12. Hey all, Here we go with the next installment. Last time the wing fillets had been puttied and then sanded smooth. Close examination showed a few little pits and cavities that needed attention, so that's were we begin: The starboard wing had the most flaws. Not surprising since it required the most corrective work. The port wing wasn't near the problem. More sanding followed by a light coat of primer and the starboard fillet is finally looking good. Same for the port fillet. Progress! All that's needed for a complete airfr
  13. Installment #11 of my Williams Bros C-46 build series is now available in the Builds Sub-Forum. Comments welcome as always.
  14. Hey all, After time out for Thanksgiving and a visit to the E.R. for pneumonia, I'm back and making more progress on the C-46. Things are beginning to speed up and with any luck at all, it'll be completed and shipped to my client before Christmas. So, let's see where we are: Shown here is the port wing fillet area that's been roughly coated with Squadron White Putty. Believe it or not, it was simply smeared on with my finger. The starboard fillet misfit was the worst one, so a lot more putty was needed. Just as I did with the fuselage centerline, blue painters tape was use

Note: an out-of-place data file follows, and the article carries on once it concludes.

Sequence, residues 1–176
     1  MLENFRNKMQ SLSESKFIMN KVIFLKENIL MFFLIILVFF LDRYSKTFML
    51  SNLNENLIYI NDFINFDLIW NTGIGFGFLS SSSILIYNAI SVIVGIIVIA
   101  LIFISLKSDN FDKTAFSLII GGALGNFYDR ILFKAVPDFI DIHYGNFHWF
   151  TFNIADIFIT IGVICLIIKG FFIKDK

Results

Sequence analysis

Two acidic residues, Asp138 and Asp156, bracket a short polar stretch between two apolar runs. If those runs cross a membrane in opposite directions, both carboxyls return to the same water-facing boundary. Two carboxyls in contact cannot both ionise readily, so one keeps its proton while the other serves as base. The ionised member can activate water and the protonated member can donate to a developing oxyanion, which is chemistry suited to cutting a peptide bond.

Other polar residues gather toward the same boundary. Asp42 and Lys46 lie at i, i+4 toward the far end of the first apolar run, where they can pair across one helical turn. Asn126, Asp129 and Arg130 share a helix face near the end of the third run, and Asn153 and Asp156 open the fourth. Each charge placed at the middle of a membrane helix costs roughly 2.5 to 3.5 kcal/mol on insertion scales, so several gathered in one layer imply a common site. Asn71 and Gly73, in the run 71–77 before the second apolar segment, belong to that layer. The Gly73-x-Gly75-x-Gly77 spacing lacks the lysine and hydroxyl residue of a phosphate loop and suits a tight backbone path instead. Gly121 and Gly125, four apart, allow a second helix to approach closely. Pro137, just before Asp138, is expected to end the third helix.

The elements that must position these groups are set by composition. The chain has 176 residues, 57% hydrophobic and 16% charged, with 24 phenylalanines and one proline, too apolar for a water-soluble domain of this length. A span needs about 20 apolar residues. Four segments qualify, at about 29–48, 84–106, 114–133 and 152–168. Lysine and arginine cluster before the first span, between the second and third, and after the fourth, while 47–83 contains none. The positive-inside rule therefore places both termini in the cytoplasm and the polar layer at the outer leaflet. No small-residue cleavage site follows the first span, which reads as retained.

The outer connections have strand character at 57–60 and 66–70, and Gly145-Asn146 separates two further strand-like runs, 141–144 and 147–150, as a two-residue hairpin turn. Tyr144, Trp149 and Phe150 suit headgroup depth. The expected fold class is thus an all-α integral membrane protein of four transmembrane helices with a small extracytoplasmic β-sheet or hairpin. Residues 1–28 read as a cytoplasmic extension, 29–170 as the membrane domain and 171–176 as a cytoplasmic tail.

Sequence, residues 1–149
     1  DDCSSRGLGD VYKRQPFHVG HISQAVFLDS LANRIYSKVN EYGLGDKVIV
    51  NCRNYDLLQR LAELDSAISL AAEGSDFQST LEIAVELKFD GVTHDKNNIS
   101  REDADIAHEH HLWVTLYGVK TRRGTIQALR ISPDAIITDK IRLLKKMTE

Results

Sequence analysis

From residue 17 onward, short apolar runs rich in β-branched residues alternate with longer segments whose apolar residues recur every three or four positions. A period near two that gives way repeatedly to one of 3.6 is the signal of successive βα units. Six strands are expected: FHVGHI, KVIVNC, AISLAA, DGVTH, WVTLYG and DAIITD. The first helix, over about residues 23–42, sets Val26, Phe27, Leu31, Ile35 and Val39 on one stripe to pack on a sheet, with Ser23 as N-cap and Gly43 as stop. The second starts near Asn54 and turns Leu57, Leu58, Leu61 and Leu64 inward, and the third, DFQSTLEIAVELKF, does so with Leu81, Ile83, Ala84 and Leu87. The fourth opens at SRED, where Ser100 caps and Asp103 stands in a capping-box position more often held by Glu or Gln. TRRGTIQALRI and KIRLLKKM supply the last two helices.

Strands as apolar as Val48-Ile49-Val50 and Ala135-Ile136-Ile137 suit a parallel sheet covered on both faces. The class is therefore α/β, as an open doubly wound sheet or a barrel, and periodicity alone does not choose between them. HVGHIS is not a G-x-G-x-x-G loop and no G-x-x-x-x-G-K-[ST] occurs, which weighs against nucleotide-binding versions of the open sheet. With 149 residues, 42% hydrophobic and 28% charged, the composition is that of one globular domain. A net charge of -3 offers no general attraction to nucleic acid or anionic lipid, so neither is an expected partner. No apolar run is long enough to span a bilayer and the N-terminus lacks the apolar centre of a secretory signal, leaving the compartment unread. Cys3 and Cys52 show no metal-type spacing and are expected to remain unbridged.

15. Installment #10 of my Williams Bros C-46 build series is now available in the Builds Sub-Forum. Comments welcome as always.
  16. Hello all, Sorry for the delay but I've had to deal with a death in the family (sister-in-law) and an upper respiratory infection. Now, back to the C-46. Once the cowls were mounted on the wing, I used a 3/64" (.095") bit in a pin vise to drill out the prop shaft hole. Then a short piece of .095" brass tubing was installed. Later on I'll create a prop shaft from .0625" (1/16") tubing and end up with removable props. Definitely an aid when it comes to shipping the model. At this point you'd think things were about to pick up speed. Not so. In fact, the worst...and hopeful